An investigation into the role of central catecholamines in the antihypertensive action of clonidine.

  • D. Grimes

Student thesis: Doctoral ThesisPhD


The main aim of this thesis was to investigate the role of central catecholamines in the antihypertensive action of clonidine. This was examined by attempting to correlate changes in central noradrenaline levels and turnover in specific brain regions with the hypotensive action of the drug. The investigation looked for these effects in three rat models, normotensives, renal/DOCA hypertensives and spontaneously hypertensives. The interaction between clonidine and desmethylimipramine was also examined. When given twice daily for seven days, clonidine produced a dose related decrease in blood pressure and a dose related decrease in noradrenaline turnover in the medulla and, to a lesser extent, in the hypothalamus of all three animal models studied. Combined therapy with clonidine and DMI resulted in an antagonism of the hypotensive effect of clonidine, yet a potentiation of the turnover effects. Little significant change was found on endogenous noradrenaline levels after any of the above treatments. Based on the hypothesis that hypertension and elevated blood pressure is associated with decreased central noradrenaline turnover, the major conclusion drawn from the results of the thesis is that, although the decreases in blood pressure and central noradrenaline turnover are both brought about by clonidine treatment, the turnover effects are not directly related to the drug's hypotensive action. It is proposed that the turnover effect is by incidental stimulation of a-receptors located on a pre-synaptic neurone, probably at the same synapse at which clonidine produces its hypotensive action by the stimulation of post-synaptic a-receptors. In the course of the experiments, other drugs were also examined for effects on blood pressure and/or central catecholamines. The drugs examined included a-methyldopa, guanethidine, phenoxybenzamine and sotalol. A discussion is presented on the mechanisms by which the above effects may be produced and their possible relevance in clinical treatment with clonidine.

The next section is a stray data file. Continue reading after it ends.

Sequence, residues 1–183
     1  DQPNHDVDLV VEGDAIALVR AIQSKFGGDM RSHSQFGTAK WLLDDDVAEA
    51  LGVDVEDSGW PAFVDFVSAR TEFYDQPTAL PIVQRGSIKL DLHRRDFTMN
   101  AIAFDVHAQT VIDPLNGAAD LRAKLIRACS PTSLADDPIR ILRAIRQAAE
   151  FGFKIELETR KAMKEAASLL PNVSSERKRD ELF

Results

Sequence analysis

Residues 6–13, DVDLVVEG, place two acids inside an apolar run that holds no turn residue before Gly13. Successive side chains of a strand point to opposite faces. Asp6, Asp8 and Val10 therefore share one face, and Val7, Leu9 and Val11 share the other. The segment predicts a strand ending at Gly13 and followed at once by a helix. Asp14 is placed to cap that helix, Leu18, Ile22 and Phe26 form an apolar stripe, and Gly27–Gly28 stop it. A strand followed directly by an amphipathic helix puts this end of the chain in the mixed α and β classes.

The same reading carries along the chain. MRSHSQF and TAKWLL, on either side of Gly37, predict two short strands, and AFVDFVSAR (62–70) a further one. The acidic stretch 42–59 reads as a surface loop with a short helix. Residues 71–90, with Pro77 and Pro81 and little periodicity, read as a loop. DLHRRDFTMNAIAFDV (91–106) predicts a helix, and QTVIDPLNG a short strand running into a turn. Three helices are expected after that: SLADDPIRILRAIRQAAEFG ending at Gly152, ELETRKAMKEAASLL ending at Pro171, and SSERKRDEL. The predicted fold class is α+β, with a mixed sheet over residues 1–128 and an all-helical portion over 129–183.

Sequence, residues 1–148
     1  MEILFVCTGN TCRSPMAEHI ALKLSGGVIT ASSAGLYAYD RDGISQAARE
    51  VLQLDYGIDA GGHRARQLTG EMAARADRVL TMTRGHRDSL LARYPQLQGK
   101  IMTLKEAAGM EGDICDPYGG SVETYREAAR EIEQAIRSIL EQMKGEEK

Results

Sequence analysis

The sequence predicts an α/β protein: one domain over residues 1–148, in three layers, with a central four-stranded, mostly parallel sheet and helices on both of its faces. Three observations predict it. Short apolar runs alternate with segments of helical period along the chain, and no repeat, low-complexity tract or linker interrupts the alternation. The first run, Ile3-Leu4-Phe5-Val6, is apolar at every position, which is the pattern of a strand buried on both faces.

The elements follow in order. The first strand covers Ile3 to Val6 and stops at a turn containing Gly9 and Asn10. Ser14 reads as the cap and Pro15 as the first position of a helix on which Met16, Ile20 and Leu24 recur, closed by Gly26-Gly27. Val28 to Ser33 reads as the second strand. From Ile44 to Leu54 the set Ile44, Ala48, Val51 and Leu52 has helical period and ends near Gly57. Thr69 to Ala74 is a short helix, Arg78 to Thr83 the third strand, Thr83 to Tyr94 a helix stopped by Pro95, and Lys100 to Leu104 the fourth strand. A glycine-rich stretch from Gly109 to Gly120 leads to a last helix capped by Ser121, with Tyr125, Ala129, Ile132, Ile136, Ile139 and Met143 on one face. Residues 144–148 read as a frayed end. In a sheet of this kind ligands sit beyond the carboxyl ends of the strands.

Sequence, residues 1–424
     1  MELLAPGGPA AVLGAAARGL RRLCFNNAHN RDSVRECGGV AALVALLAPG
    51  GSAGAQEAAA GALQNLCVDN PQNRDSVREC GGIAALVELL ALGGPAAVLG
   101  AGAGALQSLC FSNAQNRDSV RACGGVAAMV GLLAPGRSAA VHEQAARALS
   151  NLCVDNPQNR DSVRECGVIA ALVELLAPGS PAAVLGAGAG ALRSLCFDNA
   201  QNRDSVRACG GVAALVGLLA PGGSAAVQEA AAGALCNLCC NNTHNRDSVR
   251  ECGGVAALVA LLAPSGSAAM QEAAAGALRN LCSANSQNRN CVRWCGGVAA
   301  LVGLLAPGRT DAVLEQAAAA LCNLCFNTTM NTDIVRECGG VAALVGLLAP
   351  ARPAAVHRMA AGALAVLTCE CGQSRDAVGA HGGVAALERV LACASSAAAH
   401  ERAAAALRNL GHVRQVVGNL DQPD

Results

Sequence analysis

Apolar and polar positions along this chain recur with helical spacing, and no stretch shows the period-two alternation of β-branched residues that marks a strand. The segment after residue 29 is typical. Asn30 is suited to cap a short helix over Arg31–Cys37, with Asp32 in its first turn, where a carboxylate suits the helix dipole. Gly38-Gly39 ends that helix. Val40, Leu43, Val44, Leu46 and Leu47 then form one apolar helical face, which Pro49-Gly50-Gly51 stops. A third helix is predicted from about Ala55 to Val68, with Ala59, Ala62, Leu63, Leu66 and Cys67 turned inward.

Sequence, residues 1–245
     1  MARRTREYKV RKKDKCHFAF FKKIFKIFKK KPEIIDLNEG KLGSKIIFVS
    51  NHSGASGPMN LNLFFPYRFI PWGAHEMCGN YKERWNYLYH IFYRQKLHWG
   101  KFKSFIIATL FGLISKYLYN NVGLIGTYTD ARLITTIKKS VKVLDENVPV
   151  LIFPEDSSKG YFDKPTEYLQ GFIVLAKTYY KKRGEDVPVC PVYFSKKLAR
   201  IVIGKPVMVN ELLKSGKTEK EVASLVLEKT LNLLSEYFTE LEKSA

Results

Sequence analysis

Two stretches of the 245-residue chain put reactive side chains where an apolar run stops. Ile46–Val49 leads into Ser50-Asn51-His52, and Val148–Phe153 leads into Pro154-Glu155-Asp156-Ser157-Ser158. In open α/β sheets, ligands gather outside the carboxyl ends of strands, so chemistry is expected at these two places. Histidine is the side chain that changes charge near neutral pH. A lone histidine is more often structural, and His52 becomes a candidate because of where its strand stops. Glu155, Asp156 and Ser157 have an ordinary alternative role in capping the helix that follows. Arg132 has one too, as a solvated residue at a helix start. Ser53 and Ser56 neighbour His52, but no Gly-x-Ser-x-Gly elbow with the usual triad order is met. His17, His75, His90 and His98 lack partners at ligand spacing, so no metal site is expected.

Date of Award1977
Original languageEnglish
Awarding Institution
  • University of Bath

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